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Derek Read

Reply to: attribute display and styling

Regarding the 2^N problem, I don't believe there is a better solution to your particular issue if CSS is how you feel you must render them. Perhaps you need to be a little bit picky about which attributes you choose to expose to the author. If there are a large number of attributes in the schema it might be a good idea to ask the authors which ones they really feel the need to see all the time and then let them check the status of the rest by using the standard methods:
a) Hover over the opening or closing tag in TagsOn view.
b) Use the Attribute Inspector.
c) Use an XFT form you design.
d) Use Plain Text view.

I can think of other more complicated ways to expose these values to the author. They would likely take a considerable amount of work for you to implement. Essentially the Resource Manager can host ActiveX controls so if you wish to provide an alternative rendering completely independent of XMetaL Author's rendering engine you might do that there. For example, you might try to render your XML with all the attributes exposed inside Internet Explorer, which can be hosted in the Resource Manager. You could use CSS or XSLT there to get the rendering you like. Or you might even write a completely new COM object (ActiveX control) and host that in the Resource Manager instead.

You are correct to assume that if your CSS is overly complex you may see a performance hit. You will need to test this to be sure with your particular schema and everything else you have in your customization to see if that is acceptable.

Regarding your (latest) question #1:

By default both Tags On and Normal view use the same CSS for styling. In order to have different CSS for these two different views you will either need to swap the CSS file (by changing the name of it) in the On_View_Change event or use one of the more advance techniques to inject CSS via script that is new to 6.0.

One example of how to do this is provided with the Journalist demo, accessible via the Help > Samples menu. Macros are connected to a special toolbar called “Structure View Examples”. This does not demonstrate making changes to CSS for Tags On and Normal view, it shows how it can be done for Structure View. However, the same technique can be used with the only difference being that you would put similar code into an event like On_View_Change.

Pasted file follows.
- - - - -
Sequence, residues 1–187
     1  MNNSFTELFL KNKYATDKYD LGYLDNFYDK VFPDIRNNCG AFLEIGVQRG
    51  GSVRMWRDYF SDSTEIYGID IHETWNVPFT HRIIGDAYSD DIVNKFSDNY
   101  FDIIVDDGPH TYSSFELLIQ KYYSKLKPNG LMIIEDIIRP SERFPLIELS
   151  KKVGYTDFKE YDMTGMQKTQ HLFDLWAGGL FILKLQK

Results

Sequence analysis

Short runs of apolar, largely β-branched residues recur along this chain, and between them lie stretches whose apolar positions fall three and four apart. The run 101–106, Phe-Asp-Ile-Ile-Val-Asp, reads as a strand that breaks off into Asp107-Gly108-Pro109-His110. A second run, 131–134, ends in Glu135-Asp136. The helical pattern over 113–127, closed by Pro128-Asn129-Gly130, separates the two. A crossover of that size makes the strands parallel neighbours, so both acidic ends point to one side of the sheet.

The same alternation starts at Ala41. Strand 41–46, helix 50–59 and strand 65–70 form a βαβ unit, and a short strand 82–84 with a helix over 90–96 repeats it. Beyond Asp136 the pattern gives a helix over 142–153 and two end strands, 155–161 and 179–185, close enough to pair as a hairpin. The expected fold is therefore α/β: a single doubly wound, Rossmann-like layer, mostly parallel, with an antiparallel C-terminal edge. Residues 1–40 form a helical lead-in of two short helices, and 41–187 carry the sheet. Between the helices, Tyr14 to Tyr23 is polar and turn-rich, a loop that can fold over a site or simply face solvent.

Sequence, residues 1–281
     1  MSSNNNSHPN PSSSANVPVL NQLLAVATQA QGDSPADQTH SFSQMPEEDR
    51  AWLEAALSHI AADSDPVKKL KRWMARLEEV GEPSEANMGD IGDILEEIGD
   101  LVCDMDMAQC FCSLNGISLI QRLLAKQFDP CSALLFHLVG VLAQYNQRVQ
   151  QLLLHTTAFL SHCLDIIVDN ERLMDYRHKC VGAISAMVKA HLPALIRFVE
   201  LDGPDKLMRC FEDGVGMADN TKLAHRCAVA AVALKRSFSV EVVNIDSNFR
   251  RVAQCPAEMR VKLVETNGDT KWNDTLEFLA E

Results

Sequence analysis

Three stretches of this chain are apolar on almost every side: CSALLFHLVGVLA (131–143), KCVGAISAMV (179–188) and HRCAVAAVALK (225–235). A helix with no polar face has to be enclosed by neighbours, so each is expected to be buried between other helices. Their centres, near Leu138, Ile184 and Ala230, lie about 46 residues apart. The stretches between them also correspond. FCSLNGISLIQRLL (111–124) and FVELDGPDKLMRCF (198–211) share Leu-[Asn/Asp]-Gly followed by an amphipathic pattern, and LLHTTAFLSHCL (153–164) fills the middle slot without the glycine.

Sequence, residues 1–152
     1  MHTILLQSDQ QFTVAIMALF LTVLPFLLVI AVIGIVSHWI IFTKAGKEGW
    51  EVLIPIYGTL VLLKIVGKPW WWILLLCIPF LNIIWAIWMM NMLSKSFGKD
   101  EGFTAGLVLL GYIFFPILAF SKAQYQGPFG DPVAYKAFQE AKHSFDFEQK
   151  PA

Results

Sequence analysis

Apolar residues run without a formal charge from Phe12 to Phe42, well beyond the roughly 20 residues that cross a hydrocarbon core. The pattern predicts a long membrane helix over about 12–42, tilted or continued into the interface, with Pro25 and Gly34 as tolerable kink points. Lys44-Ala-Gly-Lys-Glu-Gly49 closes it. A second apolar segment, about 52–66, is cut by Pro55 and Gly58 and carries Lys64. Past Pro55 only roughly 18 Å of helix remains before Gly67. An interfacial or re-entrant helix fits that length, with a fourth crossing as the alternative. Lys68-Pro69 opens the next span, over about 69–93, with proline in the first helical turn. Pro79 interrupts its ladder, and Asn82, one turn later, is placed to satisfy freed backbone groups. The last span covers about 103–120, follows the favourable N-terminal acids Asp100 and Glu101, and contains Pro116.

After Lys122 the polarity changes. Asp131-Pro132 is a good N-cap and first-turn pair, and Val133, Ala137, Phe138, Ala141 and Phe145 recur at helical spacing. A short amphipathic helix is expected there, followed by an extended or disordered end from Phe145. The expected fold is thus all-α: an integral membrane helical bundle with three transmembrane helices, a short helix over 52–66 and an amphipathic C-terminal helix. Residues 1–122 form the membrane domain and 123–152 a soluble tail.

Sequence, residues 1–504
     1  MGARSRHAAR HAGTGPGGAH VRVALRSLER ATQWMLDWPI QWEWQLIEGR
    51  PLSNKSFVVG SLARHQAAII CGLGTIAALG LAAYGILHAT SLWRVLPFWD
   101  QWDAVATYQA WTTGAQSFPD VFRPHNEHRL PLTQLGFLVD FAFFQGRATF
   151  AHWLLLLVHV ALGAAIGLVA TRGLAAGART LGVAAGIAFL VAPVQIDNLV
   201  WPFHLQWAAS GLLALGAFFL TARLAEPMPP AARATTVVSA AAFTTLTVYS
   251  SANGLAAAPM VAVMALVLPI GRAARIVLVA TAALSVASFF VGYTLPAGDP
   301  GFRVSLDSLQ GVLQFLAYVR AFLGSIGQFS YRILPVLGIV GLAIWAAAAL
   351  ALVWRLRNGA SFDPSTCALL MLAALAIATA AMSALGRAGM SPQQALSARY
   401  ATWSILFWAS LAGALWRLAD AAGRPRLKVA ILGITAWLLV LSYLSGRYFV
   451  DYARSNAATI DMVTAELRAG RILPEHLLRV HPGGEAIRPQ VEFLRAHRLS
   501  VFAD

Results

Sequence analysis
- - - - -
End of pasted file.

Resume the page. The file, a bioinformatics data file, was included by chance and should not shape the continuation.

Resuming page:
Another example is provided with the DocBook demos that are accessible via the Help > Samples menu. Use the menu items within the sub menu called “Document Display” that is contained within the “DocBook” menu to run the scripts provided with the demo.

A third option might be to use the Selection.ContainerStyle or Range.ContainerStyle APIs. This API (it is the same for both Selection and Range objects) allows you to style individual elements in the document over and above the CSS that is set for the selector representing that element (ie: this API essentially cascades more CSS after any other CSS is rendered). However, this API does not currently let you style :before or :after pseudo-elements because there is no way to get to those via DOM or Range objects and this API is a property of the Range object. You can use it to render alternative content for an entire element however, which is why I mention it. The Journalist demo includes script that demonstrates this when a element is present in the document.

A fourth option might be add the CSS containing your :before content for attribute display to the Structure View CSS file and leave it out of the regular CSS file altogether. Your authors could then open the Structure View when they want to see their attributes and not need to worry about switching between Tags On and Normal view at all, they could choose their preferred view for editing. You could even provide alternative views for the Structure View as with the Journalist demo, one where certain attributes are displayed, another where others are displayed, one specifically for navigating between large sections of the document, a more granular “show all elements” view, etc.

Regarding your latest question #2:

I think this is what was being suggested, yes. However, there are many other options (as I have listed above).

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